Thursday, June 25, 2009

Desperately Seeking Baitullah

I think the guy is dead, just like another CIA asset.

"Nabbing Baitullah alive

by Ahmed Quraishi

Pakistan will probably never catch terrorist leader Baitullah Mehsud alive. Why? For the same reason that we will never really know why alcoholic beverages were found from some of their hideouts. Or why citizens of China and Sri Lanka – two close military allies of Pakistan – were attacked on Pakistani soil by people claiming to be fighting America.

Similarly we will never know why listed companies like Google and Facebook are speeding up Persian translations of their sites when no profit is involved. (Will their stockholders accept democracy instead of profits?) And why the government did not object when the US and other allied donors tried to create a special fund for Balochistan and NWFP with the condition that it operate outside Pakistan’s control.

The popular Pakistani understanding of the battle against Baitullah Mehsud is more American than Pakistani. This prevents us from accepting that this insurgency is wrapped in multiple layers of deceit. The entire prevailing narrative of the situation is exclusively American, tailored to suit Washington’s worldview. It talks about a uniform threat of the Taliban and Al Qaeda with no distinction made between the Afghan Taliban and the new Pakistani version; the American narrative does not explain how or why the ranks of the Pakistani Taliban have been swelling steadily when the Afghan Taliban are not experiencing a similar surge; and why the American narrative suppresses any discussion of Pakistani grievances about an organised anti-Pakistan terror wave emanating from Afghanistan. The Pakistani counter-narrative is missing on the government level and is probably limited to some circles within the Pakistani strategic and intelligence communities. The impression that one gets is that the Pakistani government is essentially bartering silence for US aid. And this is a dangerous bargain.

It means that Pakistani officials are unlikely to take a stand on the use of Afghan soil to export terror to Pakistan. In fact, there are strong grounds to conclude that while other parts of the US government engage Pakistan, freewheeling elements within the CIA are probably conducting their own foreign policy on the ground in the region. The simultaneous trouble in both the Pakistani and Iranian parts of Balochistan is but one case in point.

Another downside to our enthusiasm for American aid money at any cost is our waning ability to resist the upcoming American plan to install India as the resident guardian over Pakistan and Afghanistan. A senior US national security official is expected to bring this plan to Pakistan in the next few days. Islamabad’s obsession with US aid while staying mum on vital Pakistani interest is absurd. Why is Prime Minister Gilani complaining now about the US ’surge’ in Afghanistan when Mr Zardari and his foreign minister wasted no time in warmly welcoming it when Mr Obama unveiled the plan in March?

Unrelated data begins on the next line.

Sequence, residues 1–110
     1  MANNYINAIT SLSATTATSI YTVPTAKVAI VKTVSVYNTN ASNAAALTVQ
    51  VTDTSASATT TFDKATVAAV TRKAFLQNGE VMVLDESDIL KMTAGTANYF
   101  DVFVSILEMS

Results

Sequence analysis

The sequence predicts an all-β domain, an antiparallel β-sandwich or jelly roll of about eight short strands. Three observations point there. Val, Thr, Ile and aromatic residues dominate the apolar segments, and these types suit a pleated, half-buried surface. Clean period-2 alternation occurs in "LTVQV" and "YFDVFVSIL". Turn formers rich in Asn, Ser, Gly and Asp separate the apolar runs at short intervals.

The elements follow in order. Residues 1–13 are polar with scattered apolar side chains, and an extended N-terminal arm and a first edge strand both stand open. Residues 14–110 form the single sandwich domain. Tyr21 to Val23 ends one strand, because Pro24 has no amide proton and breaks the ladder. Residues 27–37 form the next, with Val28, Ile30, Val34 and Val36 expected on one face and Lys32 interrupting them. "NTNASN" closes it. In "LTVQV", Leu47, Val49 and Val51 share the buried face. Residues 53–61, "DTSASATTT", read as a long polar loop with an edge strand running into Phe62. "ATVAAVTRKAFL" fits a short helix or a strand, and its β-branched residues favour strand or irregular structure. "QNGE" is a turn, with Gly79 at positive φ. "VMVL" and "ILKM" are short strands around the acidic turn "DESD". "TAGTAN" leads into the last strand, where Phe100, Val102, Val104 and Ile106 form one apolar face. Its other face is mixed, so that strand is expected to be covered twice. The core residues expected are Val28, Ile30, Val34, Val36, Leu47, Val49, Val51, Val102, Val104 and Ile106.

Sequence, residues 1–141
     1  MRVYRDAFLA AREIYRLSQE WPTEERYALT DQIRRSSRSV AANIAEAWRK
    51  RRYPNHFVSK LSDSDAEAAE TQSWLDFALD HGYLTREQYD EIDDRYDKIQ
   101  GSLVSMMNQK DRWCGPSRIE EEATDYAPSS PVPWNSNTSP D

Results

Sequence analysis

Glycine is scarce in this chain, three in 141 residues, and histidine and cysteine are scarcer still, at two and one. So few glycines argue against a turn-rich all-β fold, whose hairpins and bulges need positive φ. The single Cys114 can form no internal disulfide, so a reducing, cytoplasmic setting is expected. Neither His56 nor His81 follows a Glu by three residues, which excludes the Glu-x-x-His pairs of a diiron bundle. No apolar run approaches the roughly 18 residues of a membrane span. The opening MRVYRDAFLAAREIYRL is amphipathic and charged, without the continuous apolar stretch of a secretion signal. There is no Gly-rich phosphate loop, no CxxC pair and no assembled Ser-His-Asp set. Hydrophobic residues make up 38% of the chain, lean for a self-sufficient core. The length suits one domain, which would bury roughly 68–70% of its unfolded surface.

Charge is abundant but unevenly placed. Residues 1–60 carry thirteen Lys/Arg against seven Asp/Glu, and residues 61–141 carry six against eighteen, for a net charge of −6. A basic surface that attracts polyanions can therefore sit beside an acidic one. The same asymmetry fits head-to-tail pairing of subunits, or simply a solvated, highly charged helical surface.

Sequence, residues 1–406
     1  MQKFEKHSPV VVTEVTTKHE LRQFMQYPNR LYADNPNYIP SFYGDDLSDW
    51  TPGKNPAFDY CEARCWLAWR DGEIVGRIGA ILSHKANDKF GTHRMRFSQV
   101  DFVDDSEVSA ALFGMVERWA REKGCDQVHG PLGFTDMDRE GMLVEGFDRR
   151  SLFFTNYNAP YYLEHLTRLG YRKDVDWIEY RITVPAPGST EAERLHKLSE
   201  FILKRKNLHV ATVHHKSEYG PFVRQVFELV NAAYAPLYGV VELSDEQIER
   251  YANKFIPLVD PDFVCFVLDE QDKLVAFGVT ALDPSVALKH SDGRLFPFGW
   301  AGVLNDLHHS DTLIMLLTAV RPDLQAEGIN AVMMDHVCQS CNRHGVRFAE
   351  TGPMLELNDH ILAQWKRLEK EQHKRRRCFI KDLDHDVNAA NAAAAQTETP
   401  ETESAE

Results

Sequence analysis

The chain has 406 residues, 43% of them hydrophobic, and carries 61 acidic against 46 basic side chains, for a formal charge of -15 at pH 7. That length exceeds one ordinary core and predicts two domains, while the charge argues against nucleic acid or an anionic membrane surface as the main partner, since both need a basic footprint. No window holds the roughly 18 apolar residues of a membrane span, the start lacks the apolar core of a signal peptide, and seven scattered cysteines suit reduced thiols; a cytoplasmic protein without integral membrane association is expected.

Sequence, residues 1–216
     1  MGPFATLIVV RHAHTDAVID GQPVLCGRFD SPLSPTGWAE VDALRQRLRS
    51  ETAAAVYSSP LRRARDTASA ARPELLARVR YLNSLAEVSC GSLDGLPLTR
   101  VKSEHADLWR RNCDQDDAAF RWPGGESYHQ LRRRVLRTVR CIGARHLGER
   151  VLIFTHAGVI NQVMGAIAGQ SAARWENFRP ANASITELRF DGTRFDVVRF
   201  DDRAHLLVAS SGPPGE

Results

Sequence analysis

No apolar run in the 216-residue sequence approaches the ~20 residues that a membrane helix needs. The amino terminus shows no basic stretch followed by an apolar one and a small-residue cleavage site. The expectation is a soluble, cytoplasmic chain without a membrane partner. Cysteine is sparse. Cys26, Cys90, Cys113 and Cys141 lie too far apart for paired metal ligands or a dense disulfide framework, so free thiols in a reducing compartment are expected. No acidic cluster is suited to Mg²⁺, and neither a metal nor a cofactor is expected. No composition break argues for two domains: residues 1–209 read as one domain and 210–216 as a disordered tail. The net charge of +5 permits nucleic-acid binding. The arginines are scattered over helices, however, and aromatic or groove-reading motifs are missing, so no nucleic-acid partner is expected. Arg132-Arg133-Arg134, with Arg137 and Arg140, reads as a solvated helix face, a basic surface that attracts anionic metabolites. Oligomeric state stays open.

This explains why the president signed an American-proposed agreement to give India overland trade routes to Afghanistan. There are also fresh questions on the extent of support the United States is getting from two of its closest allies, India and Israel, in Afghanistan. There are credible reports that Indian and Israeli intelligence involvement in US-controlled Afghanistan has deepened in the past seven years.

Some US military and intelligence officials are impressed with the record of both countries in fighting Islamic groups, especially the Indian experience in occupied Kashmir. The Israelis have invested heavily in establishing schools that study the art of Islamic indoctrination. These schools were used to learn how clerics can brainwash recruits and then exploit them politically. Israeli spymasters have used this knowledge to penetrate Mideastern Islamic groups. They have passed this technique to the Indians to help them counter pro-Pakistan religious groups in Kashmir.

The mess in Pakistan’s western border areas is not just a battle with religious extremism. A larger part is a battle of proxies. None of this means that we should treat Washington as an enemy. But it does have an agenda that is increasingly diverging from Pakistan’s strategic interests.